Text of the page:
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Feb 15, 2010 (Vol. 30, No. 4)

Pore Response to Particulate Challenges

Examining the Order of Particle Removal by Filtration from Dilute Suspensions

  • In this article, we discuss a hypothetical filtration procedure in terms of particles, pores, and liquid flows with a view toward understanding how pores or interstices respond to given particulate challenges. We synthesized several experimental findings, regarding the challenging of filters—depth or membrane—with dilute suspensions.

    This article will also differentiate between particle arrests caused by the (normally assumed) size exclusion or sieve retention mechanism, and those retained by the (usually ignored) adsorptive sequestration technique.

    A comprehensive investigation of the removal of latex spheres from liquid suspensions by membrane filters has been performed by a group of experimentalists at the Particle Technology Laboratory of the University of Minnesota. Their findings have found practical application in semiconductor manufacturing. They are likewise relevant to the needs of pharmaceutical processing.

    These investigations have employed particle suspensions in dilute aqueous systems in which surfactant molecules were ingredients. The particle concentrations, measured by particle counters, were approximately one-fifth those usually utilized in latex bead studies. One particular study by Lee et al. (1993), led to conclusions analyzed by Zeman that are a subject of discussion in this article.

  • Particle Size and Shape

    The stage on which filtration takes place consists of an effective filtration area (EFA) marked by a pore size or retention distribution that is confronted by a particle size distribution. The particles consist of a range of sizes that are differentiated into two groups, each of which is defined by their size relative to the pore sizes.

    One portion consists of the larger particles that are too big to fit through any of the distributed pores or fiber matrices, whether large or small. The other size particles are small enough to penetrate the larger pores or fiber interstices but not the smaller.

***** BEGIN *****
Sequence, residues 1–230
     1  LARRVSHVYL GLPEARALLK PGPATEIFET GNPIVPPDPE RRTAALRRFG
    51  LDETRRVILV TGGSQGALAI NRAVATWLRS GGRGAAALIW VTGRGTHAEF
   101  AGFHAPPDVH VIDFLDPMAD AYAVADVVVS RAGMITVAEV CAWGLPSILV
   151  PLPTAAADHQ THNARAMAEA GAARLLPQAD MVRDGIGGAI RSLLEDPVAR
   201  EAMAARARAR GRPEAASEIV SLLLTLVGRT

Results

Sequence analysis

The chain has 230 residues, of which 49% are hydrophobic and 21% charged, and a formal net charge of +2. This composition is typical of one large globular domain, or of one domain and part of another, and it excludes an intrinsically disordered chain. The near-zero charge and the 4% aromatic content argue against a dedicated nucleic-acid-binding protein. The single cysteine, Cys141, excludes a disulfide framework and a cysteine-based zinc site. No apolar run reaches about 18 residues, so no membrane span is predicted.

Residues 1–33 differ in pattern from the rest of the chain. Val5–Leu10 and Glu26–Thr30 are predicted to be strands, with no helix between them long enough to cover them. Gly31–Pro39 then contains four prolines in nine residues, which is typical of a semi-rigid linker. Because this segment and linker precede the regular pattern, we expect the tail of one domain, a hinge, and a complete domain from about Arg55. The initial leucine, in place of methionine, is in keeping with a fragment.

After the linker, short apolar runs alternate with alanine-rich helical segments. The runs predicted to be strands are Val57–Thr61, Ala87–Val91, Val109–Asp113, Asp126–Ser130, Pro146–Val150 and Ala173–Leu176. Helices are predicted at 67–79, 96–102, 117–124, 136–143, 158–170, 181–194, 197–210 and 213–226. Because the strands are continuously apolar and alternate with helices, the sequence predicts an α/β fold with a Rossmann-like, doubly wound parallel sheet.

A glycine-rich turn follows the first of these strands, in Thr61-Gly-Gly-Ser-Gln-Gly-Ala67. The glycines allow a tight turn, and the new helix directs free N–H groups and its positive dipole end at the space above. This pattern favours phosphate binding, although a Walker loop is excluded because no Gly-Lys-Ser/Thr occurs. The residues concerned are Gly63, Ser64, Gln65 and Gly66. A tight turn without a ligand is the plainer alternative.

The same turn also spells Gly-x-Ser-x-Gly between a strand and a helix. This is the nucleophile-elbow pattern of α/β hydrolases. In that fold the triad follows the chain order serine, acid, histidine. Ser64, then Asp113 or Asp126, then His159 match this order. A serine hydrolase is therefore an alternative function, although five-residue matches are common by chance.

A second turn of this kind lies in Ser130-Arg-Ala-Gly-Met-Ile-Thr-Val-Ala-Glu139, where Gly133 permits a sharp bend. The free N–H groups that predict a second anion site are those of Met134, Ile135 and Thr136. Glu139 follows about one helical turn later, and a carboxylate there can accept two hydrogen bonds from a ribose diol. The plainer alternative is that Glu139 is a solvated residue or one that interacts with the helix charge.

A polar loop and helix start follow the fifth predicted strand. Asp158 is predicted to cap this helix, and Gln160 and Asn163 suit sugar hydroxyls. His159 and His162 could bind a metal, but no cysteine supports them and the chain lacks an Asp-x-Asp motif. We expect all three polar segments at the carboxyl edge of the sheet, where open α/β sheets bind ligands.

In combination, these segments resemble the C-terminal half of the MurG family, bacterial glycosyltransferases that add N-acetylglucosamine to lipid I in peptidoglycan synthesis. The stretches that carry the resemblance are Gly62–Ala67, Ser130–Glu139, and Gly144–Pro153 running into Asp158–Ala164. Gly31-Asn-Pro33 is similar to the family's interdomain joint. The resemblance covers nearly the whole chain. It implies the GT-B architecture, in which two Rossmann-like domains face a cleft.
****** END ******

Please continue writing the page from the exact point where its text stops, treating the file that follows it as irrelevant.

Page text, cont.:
The pores or fiber interstices also constitute two size groups, only one of which covers a range of pore-size ratings large enough to be passed through by particles of the smaller sizes.

    Depending upon the relative proportion of smaller and larger particles, and on the pore or interstice sizes they encounter, whether directed by the flow pattern or by chance, there will be different outcomes to the particle retentions, to the onset of filter plugging, and to the quantity of throughput.

    This definition of particle sizes is a bit too neat to apply absolutely to any particle shapes except spheres directed toward circular pores. It begs an invariant sieving action based strictly on particle/pore sizes unaffected by shape factors. However, except for spheres, a particle’s longitudinal and transverse axes may differ in size. In a filtration, it is the particle’s dimensional axis that coincides with the pore that is the functional determinant of the particle’s size.

    Probability factors, for example the particle’s axial orientations, governed by the liquid stream’s velocities, viscosities, and drag can result in a more-elongated needle–like shape, either passing through or lying athwart a pore opening. Thus, in a mixture of particles characterized generally as being too large to permeate a pore or fiber matrix interstice, some particles of particular shapes may do so depending upon how their flow pattern is directed by the filtration conditions or by chance.

    Not surprisingly, in specific experimental trials, conclusions were reached that some particles of the group size seen as being too large to pass through the filter actually did so. This is not a contradiction of the sieving mechanism, but rather a more realistic description of size as defined by the particle dimensions that are limiting in any actual filtration. It might be simpler to refer to these membranes as being intermediate in size.

    One is obliged to describe them as they are referred to in the literature, i.e., as larger particles. The implications are that they are too large to pass through the filter’s smaller pores. However, when properly aligned they can permeate a larger pore, bearing in mind that pore size labels are generally descriptive and the actual pore structure is typically larger than labeled.



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